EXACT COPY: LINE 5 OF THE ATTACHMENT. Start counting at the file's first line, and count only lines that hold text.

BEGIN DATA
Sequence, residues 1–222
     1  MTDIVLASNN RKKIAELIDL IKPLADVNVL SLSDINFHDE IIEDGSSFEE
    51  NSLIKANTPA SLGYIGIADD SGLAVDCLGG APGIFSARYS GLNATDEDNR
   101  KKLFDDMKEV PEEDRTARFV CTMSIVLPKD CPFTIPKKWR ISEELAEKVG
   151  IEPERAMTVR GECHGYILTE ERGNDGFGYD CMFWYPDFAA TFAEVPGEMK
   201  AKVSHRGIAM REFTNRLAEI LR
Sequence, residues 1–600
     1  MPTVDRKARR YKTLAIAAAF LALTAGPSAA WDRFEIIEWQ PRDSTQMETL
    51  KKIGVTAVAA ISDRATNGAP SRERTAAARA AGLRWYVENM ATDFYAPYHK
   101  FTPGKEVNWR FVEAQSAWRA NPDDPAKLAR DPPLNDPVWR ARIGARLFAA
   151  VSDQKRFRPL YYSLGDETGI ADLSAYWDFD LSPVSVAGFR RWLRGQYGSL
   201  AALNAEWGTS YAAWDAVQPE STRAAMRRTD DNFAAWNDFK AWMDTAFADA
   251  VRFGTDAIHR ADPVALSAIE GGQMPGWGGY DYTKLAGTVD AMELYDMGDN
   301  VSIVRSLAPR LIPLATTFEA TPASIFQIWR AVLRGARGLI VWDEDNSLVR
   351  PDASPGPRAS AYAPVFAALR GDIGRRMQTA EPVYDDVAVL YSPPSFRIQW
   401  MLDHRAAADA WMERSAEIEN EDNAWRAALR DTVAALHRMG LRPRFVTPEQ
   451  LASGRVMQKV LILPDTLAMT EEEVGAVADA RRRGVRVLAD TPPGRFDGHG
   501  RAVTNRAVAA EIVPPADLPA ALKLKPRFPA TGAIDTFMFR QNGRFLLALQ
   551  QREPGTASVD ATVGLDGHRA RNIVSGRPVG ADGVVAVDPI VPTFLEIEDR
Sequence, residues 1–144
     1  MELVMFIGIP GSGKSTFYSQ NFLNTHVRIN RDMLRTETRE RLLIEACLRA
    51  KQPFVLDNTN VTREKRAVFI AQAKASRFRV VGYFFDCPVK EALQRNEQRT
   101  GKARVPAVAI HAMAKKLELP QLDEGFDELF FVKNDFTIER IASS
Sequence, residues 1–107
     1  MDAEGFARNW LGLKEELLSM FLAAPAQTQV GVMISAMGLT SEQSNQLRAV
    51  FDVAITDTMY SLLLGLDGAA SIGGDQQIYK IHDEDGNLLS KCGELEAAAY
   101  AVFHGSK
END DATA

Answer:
   151  IEPERAMTVR GECHGYILTE ERGNDGFGYD CMFWYPDFAA TFAEVPGEMK